MANILA - A professor from the Filipino Department of the University of the Philippines Diliman said Filipino subjects in college teach students more than just grammar and literature.
Speaking on ANC's "Beyond Politics," Professor Vladimeir Gonzales said Filipino subjects in college are not just about grammar and lexicon, but also ideology and perspective.
"Bukod sa pananaliksik at balarila, mayroon tayong mga kurso na paano mo iuugnay ang wika sa iyong lipunan, mayroon tayong mga kurso halimbawa na paano ba gagamitin ang Filipino sa iba't ibang tiyak na disiplina," he said.
"Yung papel ng kolehiyo sana sa pagtuturo ng wika at panitikan ay bukod sa pagtukoy nito sa usapin ng anyo, madaling matukoy, ay anong implikasyon nito sa usapin ng pananaw. Paano ito nakakahubog, paano ito nakakapag-iba ng pananaw ng ating mga kababayan at ito sana ang papel ng kolehiyo at iba pang mas mataas na antas," Gonzales added.
CHED earlier said it merely transferred Filipino and Philippine literature to the senior high curriculum. But Gonzales insists there is a big difference between the way these subjects are taught in the secondary and tertiary level.
"May malaki talagang pagkakaiba. Ang pinakamadaling paliwanag siguro ay parang siniksik lahat sa isa o dalawang kurso lamang 'yung mga kurso na maari pang ituro sa kolehiyo nang mas mahabaan," he said.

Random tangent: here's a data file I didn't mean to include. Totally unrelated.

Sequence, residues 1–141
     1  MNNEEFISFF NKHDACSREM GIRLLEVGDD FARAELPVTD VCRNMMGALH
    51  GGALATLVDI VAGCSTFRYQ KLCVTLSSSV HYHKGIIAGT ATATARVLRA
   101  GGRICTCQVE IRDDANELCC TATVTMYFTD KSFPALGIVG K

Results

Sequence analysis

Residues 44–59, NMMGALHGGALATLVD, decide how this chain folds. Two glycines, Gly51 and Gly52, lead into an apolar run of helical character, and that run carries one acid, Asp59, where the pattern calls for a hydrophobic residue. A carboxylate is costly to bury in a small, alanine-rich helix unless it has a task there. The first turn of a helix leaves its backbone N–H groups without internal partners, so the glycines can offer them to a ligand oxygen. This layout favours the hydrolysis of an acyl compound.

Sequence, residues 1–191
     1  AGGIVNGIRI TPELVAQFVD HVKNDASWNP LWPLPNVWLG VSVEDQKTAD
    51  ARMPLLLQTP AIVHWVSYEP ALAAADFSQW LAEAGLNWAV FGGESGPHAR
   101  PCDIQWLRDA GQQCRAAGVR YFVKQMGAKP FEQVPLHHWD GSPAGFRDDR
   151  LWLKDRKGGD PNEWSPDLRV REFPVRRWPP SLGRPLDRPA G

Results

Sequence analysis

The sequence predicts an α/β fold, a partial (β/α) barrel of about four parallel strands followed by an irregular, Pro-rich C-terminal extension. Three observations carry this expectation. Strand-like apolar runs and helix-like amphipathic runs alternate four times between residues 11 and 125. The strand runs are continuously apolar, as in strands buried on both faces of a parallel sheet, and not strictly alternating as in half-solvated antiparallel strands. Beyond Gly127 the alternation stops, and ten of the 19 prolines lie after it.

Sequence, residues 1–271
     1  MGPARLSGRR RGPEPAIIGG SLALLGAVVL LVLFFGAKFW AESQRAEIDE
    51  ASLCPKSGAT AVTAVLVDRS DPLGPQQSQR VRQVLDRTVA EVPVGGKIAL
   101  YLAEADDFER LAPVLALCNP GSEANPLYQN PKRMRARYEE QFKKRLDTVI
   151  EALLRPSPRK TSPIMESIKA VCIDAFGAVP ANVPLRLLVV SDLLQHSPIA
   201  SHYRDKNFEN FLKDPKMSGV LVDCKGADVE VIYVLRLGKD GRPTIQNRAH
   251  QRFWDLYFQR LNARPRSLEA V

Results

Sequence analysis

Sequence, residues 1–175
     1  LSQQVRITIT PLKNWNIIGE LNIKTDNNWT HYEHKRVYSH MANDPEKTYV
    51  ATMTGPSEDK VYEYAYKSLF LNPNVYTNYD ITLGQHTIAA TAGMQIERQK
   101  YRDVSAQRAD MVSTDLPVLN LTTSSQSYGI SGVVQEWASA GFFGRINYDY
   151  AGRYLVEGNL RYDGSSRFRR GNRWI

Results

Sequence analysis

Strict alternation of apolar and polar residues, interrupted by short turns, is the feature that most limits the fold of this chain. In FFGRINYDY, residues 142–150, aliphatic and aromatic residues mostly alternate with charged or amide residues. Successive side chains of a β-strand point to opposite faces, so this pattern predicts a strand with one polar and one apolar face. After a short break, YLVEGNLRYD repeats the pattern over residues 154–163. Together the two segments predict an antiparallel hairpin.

Gonzales, along with members of Tanggol Wika, a group of teachers against the removal of Filipino as a required subject in college, said the Supreme Court should have at least invited petitioners to an oral argument to better understand why they oppose CHED's memorandum order.
The group also plans to file a motion for reconsideration next week.
"Ang hiling ng Tanggol Wika sa desisyon ng Korte Suprema, magkaroon man lang ng oral arguments, at 'yun 'yung hindi naganap. Kasi tingin namin, doon maipapaliwanag nang maiigi kung saan nanggagaling ang datos at ano 'yung ambag ng mga datos," Gonzales explained.
The Supreme Court last month issued a resolution standing by its October 2018 ruling that upheld the validity of CHED’s Memorandum Order No. 20 which said that Filipino and Panitikan are no longer core subjects in college.
The tribunal temporarily halted CMO 20 in April 2015, but the temporary restraining order was lifted in November last year after the Supreme Court ruled that the K-12 program was constitutional.